We have evolved from those Pistons'-Bad-Boys, Pat-Riley-with-the-Knicks 88-85 slugfests of the late 1980s and early '90s to the current-day 128-126 playground skirmishes. The games have gone from rugby matches to the Ice Capades.

The fast-break layup has morphed into the fast-break 23-footer.

There is feasibly a middle ground between 88-85 and 128-126; I don't know what that exact number would be, but I always vote for the middle ground.

Three cheers for Ben Simmons, the three-ball contrarian. The multi-skilled Philadelphia 76ers' point guard will not do what everyone wants him to do – take three-point shots. You know how some kids have a mental block about math? Simmons has a mental block about three-pointers.

In his first two NBA seasons, Simmons did not make a three-pointer, attempting only 17 of them. This season he is two-for-six from beyond the arc.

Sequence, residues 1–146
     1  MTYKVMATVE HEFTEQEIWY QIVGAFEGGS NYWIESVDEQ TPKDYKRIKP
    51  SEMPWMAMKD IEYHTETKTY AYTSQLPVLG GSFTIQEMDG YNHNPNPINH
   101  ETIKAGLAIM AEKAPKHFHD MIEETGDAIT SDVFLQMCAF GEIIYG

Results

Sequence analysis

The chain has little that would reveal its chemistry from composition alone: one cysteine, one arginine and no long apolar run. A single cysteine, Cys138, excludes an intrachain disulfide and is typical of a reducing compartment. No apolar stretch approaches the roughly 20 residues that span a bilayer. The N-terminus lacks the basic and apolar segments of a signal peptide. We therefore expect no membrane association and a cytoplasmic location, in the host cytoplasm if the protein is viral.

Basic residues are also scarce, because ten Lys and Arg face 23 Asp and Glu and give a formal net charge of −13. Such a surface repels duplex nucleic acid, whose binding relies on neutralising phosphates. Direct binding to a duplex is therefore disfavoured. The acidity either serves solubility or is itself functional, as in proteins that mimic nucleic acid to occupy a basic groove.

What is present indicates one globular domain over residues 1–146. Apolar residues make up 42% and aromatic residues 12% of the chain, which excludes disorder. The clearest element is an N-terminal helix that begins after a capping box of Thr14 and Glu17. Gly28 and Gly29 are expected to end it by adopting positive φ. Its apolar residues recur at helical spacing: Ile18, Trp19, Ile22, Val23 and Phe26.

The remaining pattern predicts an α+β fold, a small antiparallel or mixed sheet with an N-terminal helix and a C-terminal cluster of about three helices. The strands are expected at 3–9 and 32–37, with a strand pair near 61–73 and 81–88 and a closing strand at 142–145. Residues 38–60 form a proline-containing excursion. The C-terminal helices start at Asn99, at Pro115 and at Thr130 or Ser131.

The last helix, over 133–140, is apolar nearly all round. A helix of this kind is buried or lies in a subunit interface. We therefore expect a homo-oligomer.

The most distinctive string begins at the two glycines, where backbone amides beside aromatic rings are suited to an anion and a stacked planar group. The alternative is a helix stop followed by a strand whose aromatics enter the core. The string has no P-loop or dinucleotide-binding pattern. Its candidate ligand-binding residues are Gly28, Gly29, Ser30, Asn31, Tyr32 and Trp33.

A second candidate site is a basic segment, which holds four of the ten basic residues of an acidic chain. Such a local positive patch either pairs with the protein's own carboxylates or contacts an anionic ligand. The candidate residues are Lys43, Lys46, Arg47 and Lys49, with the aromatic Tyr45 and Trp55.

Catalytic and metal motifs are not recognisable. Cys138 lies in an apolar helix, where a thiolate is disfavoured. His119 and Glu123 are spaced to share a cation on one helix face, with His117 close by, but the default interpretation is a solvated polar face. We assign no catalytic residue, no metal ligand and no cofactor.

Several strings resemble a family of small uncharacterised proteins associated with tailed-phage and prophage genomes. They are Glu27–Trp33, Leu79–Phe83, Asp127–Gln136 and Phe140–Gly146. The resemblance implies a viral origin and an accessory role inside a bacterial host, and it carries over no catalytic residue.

You be you, Ben, two points at a time.

I stand with Simmons: Years ago, newspaper editors insisted I write longer articles with bigger words. No way, I told them – I write short and I use one-syllable words. And I'm still here.

(* "Perspicacity" is a rare exception.)

If it were up to Gregg Popovich, no one would ever take a 25-foot shot. One of the NBA's greatest coaches ever and one of the most severe critics of three-ball, Popovich is in danger of having two remarkable streaks end: In 22 full seasons of helming the San Antonio Spurs, he has never had a losing record and never missed the postseason.

"I've hated the three for 20 years," Popovich said in 2018. At the moment the Spurs are 28th out of 30 NBA teams in three-point shots made and 29th in three-pointers attempted.

The Spurs are 23-31 – five games out of a playoff spot – and their best chance might be to petition the league for transfer into the Eastern Conference.

As usual, the Eastern Conference should be quarantined. The 19-38 Detroit Pistons have a better chance of making the East playoffs than the 33-22 Oklahoma Thunder and 33-22 Dallas Mavericks have of earning home-court advantage in the West playoffs.